The full staggering scale and cost of the European Union’s new global diplomatic corps can be revealed today.
The so-called European External Action Service (EEAS) will have an annual budget of £5.8 billion and an army of ambassadors across 137 embassies, with up to 7,000 Eurocrats trained to pursue the EU’s foreign policy.
It will be run by Baroness Ashton, the obscure Labour quangocrat and Blair-appointed peer who last year was surprisingly nominated by Gordon Brown to be the EU’s foreign secretary – even though she has never been elected by British or European voters. (AF notes - she is an extreme left winger and was the homosexuals' favorite politician!)
The former treasurer of the Campaign for Nuclear Disarmament, whose official title is High Representative of the European Union for Foreign Affairs and Security Policy, will launch the EU diplomatic corps on December 1 at her sleek new headquarters in Brussels, which will cost £10.5million a year in rent alone.
The new corps – revealed as Prime Minister David Cameron was accused of a ‘Vichy-style’ betrayal for caving in to a 2.9 per cent increase in the EU’s total annual budget – will dwarf Britain’s Foreign Office, which employs 4,863 diplomats.
Perhaps significantly, the biggest diplomatic mission will be in Turkey – with 132 staff – which hopes to join the EU. The next biggest will be in America, where the EU will have 124 diplomats in Washington and New York.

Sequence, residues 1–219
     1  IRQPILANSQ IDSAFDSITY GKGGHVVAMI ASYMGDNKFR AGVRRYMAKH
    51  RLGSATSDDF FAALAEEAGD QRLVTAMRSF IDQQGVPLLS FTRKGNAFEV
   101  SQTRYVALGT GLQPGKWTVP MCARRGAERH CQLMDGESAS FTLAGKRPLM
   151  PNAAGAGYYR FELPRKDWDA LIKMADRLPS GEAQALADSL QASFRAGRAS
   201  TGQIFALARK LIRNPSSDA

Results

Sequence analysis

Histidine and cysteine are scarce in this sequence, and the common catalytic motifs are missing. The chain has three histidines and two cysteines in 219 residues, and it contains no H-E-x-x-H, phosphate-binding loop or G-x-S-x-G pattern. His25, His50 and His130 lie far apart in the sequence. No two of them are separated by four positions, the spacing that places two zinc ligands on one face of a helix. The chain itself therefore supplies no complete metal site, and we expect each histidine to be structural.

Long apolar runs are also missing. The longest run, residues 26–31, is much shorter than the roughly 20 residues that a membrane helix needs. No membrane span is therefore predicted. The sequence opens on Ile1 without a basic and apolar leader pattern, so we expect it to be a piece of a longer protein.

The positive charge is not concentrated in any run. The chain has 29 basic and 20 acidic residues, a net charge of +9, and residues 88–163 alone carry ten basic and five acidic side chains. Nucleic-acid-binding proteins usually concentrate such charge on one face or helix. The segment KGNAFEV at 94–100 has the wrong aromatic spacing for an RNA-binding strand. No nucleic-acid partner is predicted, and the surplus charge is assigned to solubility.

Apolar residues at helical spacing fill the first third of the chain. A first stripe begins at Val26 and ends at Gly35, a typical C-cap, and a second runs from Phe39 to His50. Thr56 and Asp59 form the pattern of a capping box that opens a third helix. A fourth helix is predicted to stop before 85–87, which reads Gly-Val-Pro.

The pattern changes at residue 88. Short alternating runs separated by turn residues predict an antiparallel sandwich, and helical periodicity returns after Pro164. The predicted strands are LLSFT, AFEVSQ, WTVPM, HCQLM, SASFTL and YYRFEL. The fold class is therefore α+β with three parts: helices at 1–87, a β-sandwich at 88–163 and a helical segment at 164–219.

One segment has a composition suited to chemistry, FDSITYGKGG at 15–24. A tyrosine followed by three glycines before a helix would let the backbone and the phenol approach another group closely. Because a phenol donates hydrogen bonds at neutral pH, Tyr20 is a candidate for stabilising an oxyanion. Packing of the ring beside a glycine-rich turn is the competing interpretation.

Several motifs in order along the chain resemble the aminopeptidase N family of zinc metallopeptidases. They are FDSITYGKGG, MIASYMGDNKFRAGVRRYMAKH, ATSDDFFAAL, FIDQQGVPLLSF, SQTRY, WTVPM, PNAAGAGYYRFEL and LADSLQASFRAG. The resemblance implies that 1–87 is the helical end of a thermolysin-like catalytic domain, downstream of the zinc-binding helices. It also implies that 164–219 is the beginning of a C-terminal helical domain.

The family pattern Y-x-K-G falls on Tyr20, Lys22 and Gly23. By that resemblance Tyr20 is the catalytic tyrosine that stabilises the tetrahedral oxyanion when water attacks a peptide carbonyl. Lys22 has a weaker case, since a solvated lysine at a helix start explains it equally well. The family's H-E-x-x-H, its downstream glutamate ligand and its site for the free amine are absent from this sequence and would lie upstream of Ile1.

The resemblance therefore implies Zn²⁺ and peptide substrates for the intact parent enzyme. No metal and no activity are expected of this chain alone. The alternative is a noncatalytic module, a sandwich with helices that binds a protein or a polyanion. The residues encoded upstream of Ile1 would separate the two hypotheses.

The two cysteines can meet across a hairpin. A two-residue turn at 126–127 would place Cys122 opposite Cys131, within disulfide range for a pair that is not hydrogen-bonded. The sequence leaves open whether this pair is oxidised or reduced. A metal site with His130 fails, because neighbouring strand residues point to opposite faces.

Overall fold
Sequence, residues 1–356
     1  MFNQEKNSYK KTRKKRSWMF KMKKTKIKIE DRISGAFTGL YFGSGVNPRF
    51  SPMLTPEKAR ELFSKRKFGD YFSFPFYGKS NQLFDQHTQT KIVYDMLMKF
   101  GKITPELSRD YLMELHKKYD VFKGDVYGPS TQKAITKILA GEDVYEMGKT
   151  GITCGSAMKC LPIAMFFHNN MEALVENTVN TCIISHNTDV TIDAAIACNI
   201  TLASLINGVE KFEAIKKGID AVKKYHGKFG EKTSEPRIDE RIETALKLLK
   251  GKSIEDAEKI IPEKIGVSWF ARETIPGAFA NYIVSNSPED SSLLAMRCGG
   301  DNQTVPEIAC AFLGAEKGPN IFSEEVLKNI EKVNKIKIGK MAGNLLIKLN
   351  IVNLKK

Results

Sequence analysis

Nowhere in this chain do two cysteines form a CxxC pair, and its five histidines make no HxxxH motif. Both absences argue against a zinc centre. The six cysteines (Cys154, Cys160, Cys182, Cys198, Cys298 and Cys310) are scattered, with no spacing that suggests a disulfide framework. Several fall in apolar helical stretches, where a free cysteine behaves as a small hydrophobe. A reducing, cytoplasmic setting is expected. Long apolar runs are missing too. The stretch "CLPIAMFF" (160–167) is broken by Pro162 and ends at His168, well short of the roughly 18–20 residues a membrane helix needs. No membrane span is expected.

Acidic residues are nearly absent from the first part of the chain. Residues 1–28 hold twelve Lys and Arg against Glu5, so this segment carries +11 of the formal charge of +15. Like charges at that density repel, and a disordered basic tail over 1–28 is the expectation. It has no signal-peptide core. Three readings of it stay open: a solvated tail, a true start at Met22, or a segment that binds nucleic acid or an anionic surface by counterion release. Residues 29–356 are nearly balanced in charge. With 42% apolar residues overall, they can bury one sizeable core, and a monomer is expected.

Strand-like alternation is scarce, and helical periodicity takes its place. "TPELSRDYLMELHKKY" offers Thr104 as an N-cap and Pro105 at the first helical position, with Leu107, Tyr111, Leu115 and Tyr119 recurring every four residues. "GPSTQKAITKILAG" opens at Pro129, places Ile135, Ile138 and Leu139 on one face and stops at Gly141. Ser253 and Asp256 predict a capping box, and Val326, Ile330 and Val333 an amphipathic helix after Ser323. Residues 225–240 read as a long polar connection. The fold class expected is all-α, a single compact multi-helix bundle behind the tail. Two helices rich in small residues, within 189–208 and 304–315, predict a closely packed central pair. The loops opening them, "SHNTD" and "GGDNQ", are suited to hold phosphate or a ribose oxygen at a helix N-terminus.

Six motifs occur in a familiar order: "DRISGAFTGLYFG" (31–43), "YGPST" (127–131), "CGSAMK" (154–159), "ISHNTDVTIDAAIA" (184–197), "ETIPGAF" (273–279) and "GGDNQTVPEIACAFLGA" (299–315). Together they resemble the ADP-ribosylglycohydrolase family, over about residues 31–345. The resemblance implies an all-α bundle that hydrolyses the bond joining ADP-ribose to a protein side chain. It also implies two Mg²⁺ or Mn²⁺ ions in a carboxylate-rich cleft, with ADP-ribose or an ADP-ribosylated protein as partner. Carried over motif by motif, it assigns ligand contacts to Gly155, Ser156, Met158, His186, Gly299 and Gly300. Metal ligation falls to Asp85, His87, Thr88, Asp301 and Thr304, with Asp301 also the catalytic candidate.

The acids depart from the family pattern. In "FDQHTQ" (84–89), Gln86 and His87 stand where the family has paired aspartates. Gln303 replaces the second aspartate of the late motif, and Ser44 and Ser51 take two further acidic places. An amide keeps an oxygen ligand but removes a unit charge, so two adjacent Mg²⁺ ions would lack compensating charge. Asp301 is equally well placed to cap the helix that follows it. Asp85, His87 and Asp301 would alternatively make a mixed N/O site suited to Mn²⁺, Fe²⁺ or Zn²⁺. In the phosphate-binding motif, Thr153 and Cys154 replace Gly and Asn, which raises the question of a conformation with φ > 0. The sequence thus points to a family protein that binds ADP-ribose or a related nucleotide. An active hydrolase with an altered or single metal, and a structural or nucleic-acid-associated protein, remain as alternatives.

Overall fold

The EU will have a surprising 46 diplomats on the Caribbean holiday island of Barbados, 49 in strife-torn Pakistan, 57 in Vietnam, 95 in Ukraine, 31 in Yemen, 29 in Tajikistan, 92 in Morocco and 53 in Madagascar.
In Afghanistan there will be another 85 diplomats, 96 in Bosnia-Herzegovina, 91 in India and 113 in Russia.
Burkina Faso will have 59, Costa Rica 21, Egypt 90, Vietnam 57, East Timor 20, Djibouti 18, Mauritania 46, Mauritius 39, Namibia 26, Papua New Guinea 27, Laos 26, Sudan 58, Paraguay 16, and Swaziland 16.
Serbia will have 103, Albania 63, Sierra Leone 48, on through more than 100 other countries to the Solomon Islands with 11 and Togo three. Even the tiny Pacific island nation of Vanuatu, which has a population of just 230,000, will have six diplomats.
There will be hundreds more at EEAS headquarters in Brussels and at international organisations in Paris, Vienna, Rome and Strasbourg.
Some 100 new posts have already been created, on salaries ranging from £44,882 to £190,000.